Well for 145 million I'd actually consider riding for Ducati too :-P

More like 1.45 million (per year) would be more accurate.

Jeepers, I'd do it for 0.145m and grin till it hurt in the post race press conference. I was starting to feel he was getting a very rough time of it from people on here but £3m for 2 years disappointment? I'll be lucky to get that much for 50 years worth of crap and frustration.

None of the riders aboard the Ducatis are in love with their current front end feel/feeling .... I mean, from my lowly point of view, Ducati in MotoGP has had some success and surprises, but, a bit of career resume blemishing inflicted ...

Can he build the bike he has been asked to, has been expected to, that he wants to?
These are the questions that all riders are asking and Audi/Ducati and the fans need/want answers to.
My guess is that the tyres will not be such a problem - that's going to be a common factor in the paddock and they have enough experience now of the Panigale on 17's (which is doing better than I expected in WSB) to understand the issues involved in that evolution.
I still don't understand this 'braking' and 'front end' problem and it's pretty clear after all the debate amongst forums and in the design meetings that anyone who does know the specific problem and the answers is not going to announce it here or anywhere else. It has to be something fundamental around engine/gearbox packaging because, surely, everything else has been tried (and JB mentioned it).
HRC seem to be the best-researched of all and Yamaha may be close. The range of technology used by Ducati over recent times suggests that they did not know what makes a good chassis frame. The Aprilia's struggles as a CRT suggest that MGP answers are not there either. An interview with Paul Bird's team might elicit some Ciabatti-like insights that could tell us what is/might be holding back the PBM effort (money, yes but also the tech issues they have been 'struggling' with). PBM wanted more input/investment from Piaggio but that does not seem to be happening and I suspect that PBM will be one of the teams available for MarcVDS to take slots from.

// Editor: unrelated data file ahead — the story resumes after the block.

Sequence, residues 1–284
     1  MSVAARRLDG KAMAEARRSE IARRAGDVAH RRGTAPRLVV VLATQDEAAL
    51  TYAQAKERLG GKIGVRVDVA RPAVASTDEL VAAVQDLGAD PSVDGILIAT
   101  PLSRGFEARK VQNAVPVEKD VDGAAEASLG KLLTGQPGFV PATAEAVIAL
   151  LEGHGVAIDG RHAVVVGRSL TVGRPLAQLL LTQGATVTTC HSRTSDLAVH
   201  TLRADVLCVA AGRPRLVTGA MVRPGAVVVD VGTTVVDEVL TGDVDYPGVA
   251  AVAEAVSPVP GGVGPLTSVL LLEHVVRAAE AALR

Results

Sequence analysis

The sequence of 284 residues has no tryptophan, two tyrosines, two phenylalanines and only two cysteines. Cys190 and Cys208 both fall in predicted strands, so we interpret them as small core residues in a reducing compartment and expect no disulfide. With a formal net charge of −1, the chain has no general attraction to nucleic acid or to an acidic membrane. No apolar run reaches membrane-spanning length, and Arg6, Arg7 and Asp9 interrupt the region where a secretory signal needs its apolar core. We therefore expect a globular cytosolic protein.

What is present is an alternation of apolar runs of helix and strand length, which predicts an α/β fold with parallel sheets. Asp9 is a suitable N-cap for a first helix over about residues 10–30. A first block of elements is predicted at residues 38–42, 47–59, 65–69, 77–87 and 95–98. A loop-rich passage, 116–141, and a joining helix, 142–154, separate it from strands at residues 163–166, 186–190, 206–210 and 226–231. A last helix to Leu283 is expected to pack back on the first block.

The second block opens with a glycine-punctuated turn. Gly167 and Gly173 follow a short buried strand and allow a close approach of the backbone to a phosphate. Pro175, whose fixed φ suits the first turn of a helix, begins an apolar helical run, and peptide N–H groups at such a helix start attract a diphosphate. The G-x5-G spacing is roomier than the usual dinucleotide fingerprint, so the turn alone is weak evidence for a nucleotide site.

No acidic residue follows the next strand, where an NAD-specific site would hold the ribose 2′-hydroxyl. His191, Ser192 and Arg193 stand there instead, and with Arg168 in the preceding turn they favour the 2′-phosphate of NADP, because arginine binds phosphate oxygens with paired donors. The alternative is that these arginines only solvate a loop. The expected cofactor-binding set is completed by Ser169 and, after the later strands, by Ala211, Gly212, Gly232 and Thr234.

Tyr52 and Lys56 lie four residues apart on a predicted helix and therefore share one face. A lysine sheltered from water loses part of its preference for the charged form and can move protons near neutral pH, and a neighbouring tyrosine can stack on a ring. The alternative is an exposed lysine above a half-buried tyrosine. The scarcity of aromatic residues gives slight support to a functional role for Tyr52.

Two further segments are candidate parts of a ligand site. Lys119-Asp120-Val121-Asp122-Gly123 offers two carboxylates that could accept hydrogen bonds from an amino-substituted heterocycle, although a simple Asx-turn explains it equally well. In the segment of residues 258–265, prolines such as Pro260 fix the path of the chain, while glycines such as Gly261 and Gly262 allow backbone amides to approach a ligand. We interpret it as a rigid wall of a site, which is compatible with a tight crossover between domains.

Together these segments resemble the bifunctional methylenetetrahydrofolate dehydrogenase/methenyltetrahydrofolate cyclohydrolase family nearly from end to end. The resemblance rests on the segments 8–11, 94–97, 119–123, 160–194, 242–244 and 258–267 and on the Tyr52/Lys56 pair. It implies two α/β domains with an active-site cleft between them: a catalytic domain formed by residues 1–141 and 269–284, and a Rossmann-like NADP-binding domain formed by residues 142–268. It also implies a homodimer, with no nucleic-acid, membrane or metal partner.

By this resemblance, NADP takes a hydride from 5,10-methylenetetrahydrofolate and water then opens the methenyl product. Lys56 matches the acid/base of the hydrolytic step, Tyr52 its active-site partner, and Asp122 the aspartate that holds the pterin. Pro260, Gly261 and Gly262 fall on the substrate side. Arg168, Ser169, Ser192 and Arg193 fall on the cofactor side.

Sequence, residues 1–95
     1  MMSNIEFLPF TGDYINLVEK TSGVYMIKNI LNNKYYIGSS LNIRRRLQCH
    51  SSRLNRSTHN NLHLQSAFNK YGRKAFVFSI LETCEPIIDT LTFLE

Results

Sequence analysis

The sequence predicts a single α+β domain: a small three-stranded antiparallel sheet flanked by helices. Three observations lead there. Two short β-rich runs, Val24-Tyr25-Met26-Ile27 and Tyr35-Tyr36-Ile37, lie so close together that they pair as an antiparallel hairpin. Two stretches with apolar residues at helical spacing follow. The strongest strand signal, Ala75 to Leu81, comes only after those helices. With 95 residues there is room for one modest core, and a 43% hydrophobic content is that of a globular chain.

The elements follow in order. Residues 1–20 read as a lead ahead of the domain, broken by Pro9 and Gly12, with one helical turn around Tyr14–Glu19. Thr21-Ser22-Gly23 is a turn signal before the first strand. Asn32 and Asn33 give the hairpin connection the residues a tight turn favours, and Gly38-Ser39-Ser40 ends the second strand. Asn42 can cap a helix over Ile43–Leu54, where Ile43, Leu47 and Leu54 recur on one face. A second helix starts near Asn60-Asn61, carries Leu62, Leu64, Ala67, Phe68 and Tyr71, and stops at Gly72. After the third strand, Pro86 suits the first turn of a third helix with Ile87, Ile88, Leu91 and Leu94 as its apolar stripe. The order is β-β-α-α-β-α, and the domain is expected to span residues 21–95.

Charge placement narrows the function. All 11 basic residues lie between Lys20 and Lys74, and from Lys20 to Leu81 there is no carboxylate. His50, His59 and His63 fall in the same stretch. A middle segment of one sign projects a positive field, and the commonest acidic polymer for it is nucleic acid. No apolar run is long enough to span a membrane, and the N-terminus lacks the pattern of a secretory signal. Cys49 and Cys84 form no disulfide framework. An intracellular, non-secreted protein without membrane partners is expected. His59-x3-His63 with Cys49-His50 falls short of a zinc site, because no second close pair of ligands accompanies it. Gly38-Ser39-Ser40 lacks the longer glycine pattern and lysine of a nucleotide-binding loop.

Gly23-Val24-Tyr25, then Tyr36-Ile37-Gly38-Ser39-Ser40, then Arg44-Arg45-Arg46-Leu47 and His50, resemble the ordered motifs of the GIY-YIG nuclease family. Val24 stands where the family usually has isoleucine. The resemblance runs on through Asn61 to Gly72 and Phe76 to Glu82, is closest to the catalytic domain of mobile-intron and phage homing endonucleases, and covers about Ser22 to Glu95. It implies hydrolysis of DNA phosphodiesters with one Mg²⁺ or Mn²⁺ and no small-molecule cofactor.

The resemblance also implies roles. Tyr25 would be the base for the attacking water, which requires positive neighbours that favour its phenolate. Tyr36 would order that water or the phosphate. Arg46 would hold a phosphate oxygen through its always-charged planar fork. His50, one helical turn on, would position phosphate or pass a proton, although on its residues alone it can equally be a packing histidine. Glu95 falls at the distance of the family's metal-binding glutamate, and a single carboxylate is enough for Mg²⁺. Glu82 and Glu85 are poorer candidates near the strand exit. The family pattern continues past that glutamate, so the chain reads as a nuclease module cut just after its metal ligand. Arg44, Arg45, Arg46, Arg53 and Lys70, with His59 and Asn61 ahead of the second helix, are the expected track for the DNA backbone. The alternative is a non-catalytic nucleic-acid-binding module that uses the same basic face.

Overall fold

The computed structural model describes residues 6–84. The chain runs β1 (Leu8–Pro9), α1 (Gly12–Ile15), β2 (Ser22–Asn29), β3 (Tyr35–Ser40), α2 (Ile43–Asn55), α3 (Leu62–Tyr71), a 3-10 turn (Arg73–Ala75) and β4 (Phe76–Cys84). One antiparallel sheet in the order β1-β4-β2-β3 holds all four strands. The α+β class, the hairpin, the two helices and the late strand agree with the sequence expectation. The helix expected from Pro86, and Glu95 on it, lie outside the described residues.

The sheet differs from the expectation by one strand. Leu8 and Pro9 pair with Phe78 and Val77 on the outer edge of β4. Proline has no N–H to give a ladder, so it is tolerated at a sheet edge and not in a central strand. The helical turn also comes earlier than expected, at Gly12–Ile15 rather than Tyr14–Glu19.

That both Dovi and Cal appear not to know what is happening and what the new bike will offer is their big issue. It's going to be about faith, because the current world of MGP is about refining the machine, not blowing the competition into the weeds; and that takes time and effort. If Dall'Igna can come up with a winner or near-winner in its first iteration he will be a hero. Realistically......Suzuki may be a year or two further down the development road (their last competitive bike was not such a slouch handling-wise).
RdP is no slouch either and the fact that he wants to ride the bike and hasn't been throwing himself into the scenery on a regular basis must also say something. Laverty's performance and wishing to get back on after busting his foot also says something about ride-ability, if not speed.
It’s not about money (except for Dovi perhaps and he seems to be valued enough not to have too much trouble getting a good deal). Both riders will not move for less and at their level it’s about who can offer the machinery, support, R&D, and progress. Neither Cal nor Dovi are worse riders than they were 4 months and 6 races ago and they will stay or go based on their chances of podiums next year.
I wouldn’t be that surprised to see RdP and E Laverty on the Suzuki next year. No one has mentioned Smith in the context of Suzuki, but his work ethic, technical appreciation, and speed has to be under consideration as well (there are other fast/faster youngsters but do they have the understanding to help, as opposed to just being fast?). Knowing the Yamaha (both I4’s), as he undoubtedly must, might be useful……

I think that's a has been said here and elsewhere the rolling diameter is the same. The wheel gets bigger, the tyre gets lower profile, the contact patch reduces.
The gyroscopic effect might be less as the additional spoke length is probably less than the tyre mass removed, but it's not a big factor.
The implications of Michelins 'greener' tyres might be a bigger influence in grip levels and lean angles.